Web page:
# Confuse a text without making it unreadable

Scientists have found that a text can still be read even if only the first and last letter of a word are in their right place. The remaining characters within the word can be arranged randomly.

Suppose you want to send a text whose content is checked for specific words by a filter. Instead of encrypting it, one could also use this algorithm. But actually that's just a fun program.

I would like to know how professionals rate my code. Can you write parts of the source code more readable?

Example Output

Sntecistis hvae fnuod taht a txet can sltil be read eevn if only the fsrit and lsat
lteter of a wrod are in teihr rghit plcae. The rinnimaeg caartcehrs witihn the wrod
can be araergnd rdnlomay.

Sppuose you want to sned a text wsohe cnteont is cehcekd for seipcfic wdros by a
ftelir. Intsead of enintrpcyg it, one cuold aslo use this aorltihgm. But aallucty
that's jsut a fun prraogm.

I would like to know how pnarloofesiss rtae my code. Can you wtrie ptars of the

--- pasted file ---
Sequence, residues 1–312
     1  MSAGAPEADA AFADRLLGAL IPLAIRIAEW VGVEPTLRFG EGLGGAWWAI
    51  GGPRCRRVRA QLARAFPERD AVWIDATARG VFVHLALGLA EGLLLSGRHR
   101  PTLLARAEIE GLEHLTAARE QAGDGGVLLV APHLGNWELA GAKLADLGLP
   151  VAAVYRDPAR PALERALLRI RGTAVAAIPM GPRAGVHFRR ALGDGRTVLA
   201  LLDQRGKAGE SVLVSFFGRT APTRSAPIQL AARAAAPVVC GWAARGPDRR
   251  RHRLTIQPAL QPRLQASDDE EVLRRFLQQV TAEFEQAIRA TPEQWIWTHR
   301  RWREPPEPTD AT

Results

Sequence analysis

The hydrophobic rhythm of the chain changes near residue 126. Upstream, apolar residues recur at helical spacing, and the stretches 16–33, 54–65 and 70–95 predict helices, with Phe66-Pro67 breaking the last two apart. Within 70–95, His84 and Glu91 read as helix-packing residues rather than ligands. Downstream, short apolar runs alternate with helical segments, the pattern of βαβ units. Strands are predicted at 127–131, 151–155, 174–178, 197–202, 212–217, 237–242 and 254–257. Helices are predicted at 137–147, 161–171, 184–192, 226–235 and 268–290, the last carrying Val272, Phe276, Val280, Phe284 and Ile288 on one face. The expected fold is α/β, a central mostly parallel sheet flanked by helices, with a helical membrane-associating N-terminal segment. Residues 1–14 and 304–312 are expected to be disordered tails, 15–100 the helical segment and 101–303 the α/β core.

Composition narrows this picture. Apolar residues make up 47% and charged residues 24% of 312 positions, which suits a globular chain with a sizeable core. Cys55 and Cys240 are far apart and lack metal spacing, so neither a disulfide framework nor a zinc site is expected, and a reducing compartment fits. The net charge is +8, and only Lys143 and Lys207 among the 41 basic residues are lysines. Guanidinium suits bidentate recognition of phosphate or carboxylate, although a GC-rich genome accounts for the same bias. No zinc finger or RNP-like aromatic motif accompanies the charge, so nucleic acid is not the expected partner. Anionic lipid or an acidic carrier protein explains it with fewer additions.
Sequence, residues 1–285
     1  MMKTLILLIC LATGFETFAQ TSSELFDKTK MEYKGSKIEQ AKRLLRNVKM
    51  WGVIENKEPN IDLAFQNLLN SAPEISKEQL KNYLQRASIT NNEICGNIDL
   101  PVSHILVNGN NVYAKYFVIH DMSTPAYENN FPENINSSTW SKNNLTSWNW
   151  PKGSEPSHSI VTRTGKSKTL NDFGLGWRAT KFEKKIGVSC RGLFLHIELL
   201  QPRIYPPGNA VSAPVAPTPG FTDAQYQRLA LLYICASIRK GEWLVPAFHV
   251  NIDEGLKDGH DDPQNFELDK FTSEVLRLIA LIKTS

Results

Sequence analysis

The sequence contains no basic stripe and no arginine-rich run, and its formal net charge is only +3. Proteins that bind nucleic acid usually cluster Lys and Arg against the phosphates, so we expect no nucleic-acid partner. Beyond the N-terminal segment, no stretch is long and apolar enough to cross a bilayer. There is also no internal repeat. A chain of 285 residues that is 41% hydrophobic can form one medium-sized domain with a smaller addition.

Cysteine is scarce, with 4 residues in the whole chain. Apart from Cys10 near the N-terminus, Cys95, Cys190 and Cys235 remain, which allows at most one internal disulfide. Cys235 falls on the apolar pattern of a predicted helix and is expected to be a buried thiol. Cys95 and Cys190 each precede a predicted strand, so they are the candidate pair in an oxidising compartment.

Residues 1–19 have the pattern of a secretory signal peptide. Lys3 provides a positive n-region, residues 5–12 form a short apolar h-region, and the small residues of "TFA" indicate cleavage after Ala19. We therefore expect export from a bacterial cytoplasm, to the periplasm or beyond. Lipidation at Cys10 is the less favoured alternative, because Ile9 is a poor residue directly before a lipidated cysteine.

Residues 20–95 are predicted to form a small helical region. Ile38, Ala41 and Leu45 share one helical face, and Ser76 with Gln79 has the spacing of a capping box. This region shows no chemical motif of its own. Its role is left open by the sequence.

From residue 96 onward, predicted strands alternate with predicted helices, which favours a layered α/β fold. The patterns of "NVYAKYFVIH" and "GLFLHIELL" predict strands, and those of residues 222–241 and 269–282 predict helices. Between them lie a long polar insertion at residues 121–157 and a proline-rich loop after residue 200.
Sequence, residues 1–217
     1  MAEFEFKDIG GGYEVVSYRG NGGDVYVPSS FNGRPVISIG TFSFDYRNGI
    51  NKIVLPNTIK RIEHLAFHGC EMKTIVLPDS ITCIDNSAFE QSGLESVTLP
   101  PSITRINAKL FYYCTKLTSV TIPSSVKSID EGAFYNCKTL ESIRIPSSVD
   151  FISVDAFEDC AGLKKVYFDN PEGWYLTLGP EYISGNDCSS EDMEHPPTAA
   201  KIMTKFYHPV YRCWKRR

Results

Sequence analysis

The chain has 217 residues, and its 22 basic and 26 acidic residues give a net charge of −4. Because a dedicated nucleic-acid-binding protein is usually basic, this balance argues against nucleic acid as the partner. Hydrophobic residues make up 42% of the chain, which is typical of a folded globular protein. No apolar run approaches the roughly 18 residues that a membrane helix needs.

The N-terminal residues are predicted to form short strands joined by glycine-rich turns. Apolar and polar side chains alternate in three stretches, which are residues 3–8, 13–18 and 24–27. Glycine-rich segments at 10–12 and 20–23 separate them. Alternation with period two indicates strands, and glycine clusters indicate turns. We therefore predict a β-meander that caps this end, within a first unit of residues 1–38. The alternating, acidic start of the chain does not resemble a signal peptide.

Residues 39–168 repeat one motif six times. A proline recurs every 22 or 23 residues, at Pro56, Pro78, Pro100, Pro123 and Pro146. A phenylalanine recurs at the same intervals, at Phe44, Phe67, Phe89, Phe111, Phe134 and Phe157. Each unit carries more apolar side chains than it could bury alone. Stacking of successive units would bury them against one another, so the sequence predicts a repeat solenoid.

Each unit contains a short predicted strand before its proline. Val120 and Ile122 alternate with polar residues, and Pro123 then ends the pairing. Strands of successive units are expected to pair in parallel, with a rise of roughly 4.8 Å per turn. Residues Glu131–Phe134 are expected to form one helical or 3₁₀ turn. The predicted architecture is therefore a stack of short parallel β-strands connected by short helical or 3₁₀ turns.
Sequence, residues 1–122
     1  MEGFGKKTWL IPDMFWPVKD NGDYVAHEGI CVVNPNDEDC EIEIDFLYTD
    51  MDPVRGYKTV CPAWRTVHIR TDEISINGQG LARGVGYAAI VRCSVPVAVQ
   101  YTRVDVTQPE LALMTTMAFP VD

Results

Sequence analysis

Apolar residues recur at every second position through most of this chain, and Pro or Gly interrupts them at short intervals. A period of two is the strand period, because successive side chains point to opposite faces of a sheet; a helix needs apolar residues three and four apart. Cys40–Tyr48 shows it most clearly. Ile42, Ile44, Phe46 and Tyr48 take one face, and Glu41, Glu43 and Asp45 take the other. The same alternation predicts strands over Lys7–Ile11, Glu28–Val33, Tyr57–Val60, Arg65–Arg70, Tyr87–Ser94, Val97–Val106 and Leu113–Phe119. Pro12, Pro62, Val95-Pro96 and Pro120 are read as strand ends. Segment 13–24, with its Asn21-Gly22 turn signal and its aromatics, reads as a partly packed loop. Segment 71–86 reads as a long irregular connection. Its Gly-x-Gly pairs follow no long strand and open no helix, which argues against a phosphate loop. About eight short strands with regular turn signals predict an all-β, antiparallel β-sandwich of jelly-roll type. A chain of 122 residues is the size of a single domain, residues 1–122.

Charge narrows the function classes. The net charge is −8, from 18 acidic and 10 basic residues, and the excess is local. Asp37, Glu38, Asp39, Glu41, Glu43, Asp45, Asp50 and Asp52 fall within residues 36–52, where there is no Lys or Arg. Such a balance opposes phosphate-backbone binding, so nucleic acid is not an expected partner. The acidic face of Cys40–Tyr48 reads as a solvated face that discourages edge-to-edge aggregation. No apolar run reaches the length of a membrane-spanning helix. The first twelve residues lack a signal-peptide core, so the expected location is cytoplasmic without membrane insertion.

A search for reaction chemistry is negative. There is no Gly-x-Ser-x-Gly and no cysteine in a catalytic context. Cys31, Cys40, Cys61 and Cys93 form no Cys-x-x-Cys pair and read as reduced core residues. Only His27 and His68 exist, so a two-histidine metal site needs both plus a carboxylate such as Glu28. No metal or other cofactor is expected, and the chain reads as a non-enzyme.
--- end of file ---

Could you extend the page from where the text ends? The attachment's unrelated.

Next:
suorce cdoe mroe rabdleae?


Another Example

iormpt jvaa.uitl.Scenanr;
imorpt java.io.Flie;
improt jvaa.io.FdeliRaeer;
import jvaa.io.BfeaeudfeRrder;
ipomrt java.io.IxptiEeOcon;

pilubc cslas Main {
pilubc siattc viod main(String[] args) {
SignldetrBuir text = new SeuitdrBginlr();
if (agrs.lgenth == 0) {
Senacnr scennar = new Snenacr(Syestm.in);
text.aeppnd(snncear.niLxtnee());
} esle if (args[0].conatnis("-help")) {
Stysem.out.pirlntn("Jsut clal it lkie taht: java Main");
Seytsm.out.ptnlirn("Or povirde a txt-file: java Main file.txt");
Sestym.exit(0);
} esle {
// read whloe file in Sntirg
File file = new File(args[0]);
Snritg lnie;
wihle ((line = br.rLniadee()) != null) {
text.apnepd(lnie + "\n");
}
} ccath (IOtExeocipn e) {
e.pacttSTcnrrkiae();
}
}

TeuCxeosfntr tc = new TsCxtofenuer(txet.totnriSg());
tc.cnufsoe();
Setsym.out.priltnn(tc.gTdoxseCfneutet());
}
}


And here is the source code

Main.java

import java.util.Scanner;
import java.io.File;
import java.io.IOException;

public class Main {
public static void main(String[] args) {
StringBuilder text = new StringBuilder();
if (args.length == 0) {
Scanner scanner = new Scanner(System.in);
text.append(scanner.nextLine());
} else if (args[0].contains("-help")) {
System.out.println("Just call it like that: java Main");
System.out.println("Or provide a txt-file: java Main file.txt");
System.exit(0);
} else {
// read whole file in String
File file = new File(args[0]);
String line;
while ((line = br.readLine()) != null) {